Long, Hard Road: Interstate Transport of Animals Unfit to Travel

The cross-country movement of farmed animals has increased steadily over the past several decades, as animal agriculture has shifted toward large-scale industrial production under the control of fewer companies and relying on separate, specialized facilities to handle various stages of production. As a result, each year, millions of farmed animals (not counting poultry) are routinely transported for a variety of purposes, including breeding, grazing, feeding, marketing, and slaughter.

photo by We Animals Media
photo by We Animals Media

Transport is recognized as one of the most stressful times in a farmed animal’s life. In addition to the vibration, noise, fumes, and unfamiliar environments, transported animals often experience prolonged food and water deprivation, intense crowding, exposure to extreme heat and cold, and physical stress and injuries from rough handling and having to balance in a moving truck. 

Studies have shown that stress, particularly when prolonged, lowers an animal’s ability to resist infection. Consequently, stress during transport has significant impacts not only on animal health and welfare, but also on food safety (when diseased animals are slaughtered), and antibiotic resistance (when large quantities of antibiotics are used to treat or ward off disease). 

Transport is difficult even when the animals are healthy and physically fit, but the stressors are amplified for young, weak, diseased, or injured animals. The young and those already in a state of poor health are less able to cope with the challenges associated with transport and often experience further deterioration in condition. 

Currently, the only federal law in place to protect animals in transit is the “Twenty-Eight Hour Law,” which requires animals transported domestically for 28 hours or more to be offloaded for food, water, and rest for five consecutive hours. This law, however, is poorly enforced. Particularly vulnerable animals, such as “cull” animals and neonatal “surplus” calves, have less economic value than their “market” counterparts—thus, their welfare during transport is even less of a priority to producers and carriers.

Cull Animals 

Cull animals are those removed from a herd and sent to slaughter due to age, illness, or other infirmity affecting productivity. Dairy cows—typically culled once age or ill health leads to diminished milk production or fertility—are at high risk of lameness and other serious ailments. Cull breeding sows are similarly prone to lameness or other painful conditions. 

Because these animals commonly develop numerous health issues due to age and the rigors of their time in production, they are more likely to experience poor welfare outcomes during transit—significant pain, becoming nonambulatory, even dying en route. Cull animals are the most at risk for being transported while unfit, and peer-reviewed research indicates that they are often transported in this condition. This is unsurprising, as they have no meaningful legal protection, and there are no incentives for producers to stop transporting unfit animals.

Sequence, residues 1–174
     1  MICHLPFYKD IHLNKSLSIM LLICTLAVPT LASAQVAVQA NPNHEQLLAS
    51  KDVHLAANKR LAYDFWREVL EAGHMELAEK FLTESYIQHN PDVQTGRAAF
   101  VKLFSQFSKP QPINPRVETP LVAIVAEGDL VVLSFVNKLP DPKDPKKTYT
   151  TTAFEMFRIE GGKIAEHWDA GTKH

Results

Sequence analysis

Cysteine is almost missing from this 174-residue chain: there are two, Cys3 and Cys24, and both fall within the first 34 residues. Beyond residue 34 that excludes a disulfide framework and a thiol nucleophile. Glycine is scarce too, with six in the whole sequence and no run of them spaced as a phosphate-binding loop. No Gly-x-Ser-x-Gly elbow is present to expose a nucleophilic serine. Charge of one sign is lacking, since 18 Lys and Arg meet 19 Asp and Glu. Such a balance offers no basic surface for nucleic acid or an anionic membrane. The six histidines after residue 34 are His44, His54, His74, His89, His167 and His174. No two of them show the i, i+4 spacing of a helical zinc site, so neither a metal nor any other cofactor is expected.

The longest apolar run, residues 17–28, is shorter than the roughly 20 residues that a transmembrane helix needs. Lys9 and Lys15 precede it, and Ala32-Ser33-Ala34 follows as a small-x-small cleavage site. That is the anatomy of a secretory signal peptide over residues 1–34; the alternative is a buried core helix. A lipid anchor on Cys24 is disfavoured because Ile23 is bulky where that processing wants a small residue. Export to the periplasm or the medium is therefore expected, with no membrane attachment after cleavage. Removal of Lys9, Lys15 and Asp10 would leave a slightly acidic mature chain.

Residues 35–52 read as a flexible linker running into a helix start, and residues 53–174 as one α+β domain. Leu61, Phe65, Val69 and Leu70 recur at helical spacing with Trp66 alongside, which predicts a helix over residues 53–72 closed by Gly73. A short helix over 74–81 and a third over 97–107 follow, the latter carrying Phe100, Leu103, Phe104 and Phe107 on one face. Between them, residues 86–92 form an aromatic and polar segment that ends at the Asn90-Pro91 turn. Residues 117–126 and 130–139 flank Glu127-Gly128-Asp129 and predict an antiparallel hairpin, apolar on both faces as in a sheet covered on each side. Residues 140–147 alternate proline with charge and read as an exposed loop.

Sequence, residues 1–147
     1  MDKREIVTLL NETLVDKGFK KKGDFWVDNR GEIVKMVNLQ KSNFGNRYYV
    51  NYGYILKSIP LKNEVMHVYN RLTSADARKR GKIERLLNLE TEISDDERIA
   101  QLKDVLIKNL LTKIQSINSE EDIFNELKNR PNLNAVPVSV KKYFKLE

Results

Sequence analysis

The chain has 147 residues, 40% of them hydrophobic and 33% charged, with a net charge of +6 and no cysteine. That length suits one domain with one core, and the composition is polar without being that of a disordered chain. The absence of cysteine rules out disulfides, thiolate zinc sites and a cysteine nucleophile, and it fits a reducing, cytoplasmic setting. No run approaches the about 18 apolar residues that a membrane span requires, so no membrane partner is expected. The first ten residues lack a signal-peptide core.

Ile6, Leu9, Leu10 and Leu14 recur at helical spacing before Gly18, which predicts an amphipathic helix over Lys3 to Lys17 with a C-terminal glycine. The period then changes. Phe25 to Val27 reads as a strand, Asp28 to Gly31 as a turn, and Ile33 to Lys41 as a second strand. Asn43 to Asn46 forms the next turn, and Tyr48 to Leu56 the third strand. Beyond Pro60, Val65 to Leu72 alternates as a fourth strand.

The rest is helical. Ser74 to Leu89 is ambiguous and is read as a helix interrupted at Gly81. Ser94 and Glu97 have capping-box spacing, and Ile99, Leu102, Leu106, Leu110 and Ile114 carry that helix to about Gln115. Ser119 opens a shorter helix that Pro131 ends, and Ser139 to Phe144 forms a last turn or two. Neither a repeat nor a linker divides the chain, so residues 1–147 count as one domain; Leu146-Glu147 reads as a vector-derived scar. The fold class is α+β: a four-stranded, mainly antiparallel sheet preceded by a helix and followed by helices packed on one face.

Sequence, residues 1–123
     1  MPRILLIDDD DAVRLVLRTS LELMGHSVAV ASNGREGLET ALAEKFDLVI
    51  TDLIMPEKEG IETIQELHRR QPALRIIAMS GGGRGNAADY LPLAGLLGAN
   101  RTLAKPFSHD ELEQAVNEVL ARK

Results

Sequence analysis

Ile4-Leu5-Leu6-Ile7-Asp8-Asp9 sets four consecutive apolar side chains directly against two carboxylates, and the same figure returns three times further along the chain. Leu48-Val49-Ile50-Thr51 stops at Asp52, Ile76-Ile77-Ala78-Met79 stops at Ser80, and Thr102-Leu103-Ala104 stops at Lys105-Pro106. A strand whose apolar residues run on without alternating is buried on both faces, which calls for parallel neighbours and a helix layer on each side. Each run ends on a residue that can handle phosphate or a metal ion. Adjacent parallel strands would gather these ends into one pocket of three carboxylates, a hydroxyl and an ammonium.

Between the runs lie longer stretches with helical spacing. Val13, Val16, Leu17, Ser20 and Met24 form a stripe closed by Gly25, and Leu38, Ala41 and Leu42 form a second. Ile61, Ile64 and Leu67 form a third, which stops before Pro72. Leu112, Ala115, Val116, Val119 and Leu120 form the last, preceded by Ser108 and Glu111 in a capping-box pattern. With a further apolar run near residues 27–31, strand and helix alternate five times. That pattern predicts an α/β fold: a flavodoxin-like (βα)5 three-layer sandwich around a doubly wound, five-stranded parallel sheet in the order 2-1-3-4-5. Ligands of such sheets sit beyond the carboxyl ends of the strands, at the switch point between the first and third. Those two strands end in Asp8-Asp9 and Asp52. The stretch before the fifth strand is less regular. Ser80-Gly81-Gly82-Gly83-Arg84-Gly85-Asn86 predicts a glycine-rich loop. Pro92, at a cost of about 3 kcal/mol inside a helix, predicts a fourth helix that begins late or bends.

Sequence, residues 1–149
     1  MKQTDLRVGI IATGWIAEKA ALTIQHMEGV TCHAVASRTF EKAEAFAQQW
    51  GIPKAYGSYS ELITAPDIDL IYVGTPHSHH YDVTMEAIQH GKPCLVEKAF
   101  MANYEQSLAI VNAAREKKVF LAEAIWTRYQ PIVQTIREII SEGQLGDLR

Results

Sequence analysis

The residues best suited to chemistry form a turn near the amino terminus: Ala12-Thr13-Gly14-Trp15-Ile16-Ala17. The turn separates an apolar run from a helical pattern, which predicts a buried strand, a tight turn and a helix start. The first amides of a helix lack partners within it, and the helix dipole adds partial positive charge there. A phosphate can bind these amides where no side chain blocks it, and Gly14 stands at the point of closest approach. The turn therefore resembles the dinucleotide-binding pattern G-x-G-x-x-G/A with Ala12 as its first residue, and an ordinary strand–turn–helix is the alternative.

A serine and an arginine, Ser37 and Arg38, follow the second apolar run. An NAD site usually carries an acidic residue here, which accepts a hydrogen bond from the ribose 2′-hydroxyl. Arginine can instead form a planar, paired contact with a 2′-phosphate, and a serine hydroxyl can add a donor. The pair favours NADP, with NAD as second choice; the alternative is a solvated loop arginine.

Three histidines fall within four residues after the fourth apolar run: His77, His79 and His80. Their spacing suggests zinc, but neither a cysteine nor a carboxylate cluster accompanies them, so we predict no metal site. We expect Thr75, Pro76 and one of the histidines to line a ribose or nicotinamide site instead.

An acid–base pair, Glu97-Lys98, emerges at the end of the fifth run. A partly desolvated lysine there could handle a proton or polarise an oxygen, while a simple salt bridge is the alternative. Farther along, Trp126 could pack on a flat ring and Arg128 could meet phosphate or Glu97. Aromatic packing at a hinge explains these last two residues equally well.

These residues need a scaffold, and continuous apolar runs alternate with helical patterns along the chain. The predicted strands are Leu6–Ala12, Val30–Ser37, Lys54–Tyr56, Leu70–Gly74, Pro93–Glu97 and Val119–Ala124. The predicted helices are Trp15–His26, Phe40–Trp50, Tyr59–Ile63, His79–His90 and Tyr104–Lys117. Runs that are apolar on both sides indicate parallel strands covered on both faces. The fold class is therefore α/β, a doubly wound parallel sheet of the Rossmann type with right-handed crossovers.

Cull animals, in fact, are regularly transported long distances, as only a limited number of slaughterhouses accept them. Although the US Department of Agriculture does not track the movement of cull animals to slaughter, it does record the number slaughtered. The most recent USDA data indicate that, in 2022, more than 3 million cull dairy cows, more than 3 million cull sows, and nearly 300,000 cull boars were slaughtered at federally inspected plants. 

Young Dairy Calves

In the US dairy industry, young calves are often transported soon after birth. A portion of the female calves (referred to as “replacement heifers”) are reared off site by specialized operations until they are ready to give birth and produce milk. The remainder, as well as the males, are “surplus” and usually slated to become veal or “dairy beef.”

photo by AWI

Transporting neonatal calves over long distances is particularly troublesome, as it significantly increases the risk that they will contract disease or die during or shortly after shipping. Several contributing factors are identified in the scientific and veterinary literature, including (1) immature immune function in young calves, (2) immunosuppressive effects of transport stress, (3) high levels of pre-transport illness and disease in young calves, and (4) mixing of calves from different facilities, resulting in exposure to novel pathogens. 

Records obtained by AWI illustrate the significant toll transport takes on young calves. In one example, USDA Food Safety and Inspection Service personnel at a slaughter plant in Rupert, Idaho, documented the mortality of “bob veal” calves (under 3 weeks old) transported from California on journeys that likely lasted 9–12 hours. A staggering 18.5 percent loss, on average, was reported on dozens of shipments that occurred over an 18-month period. Dead-on-arrival calves made up roughly two-thirds of the reported losses; the remainder were calves who arrived “non-ambulatory, disabled” and were thus euthanized.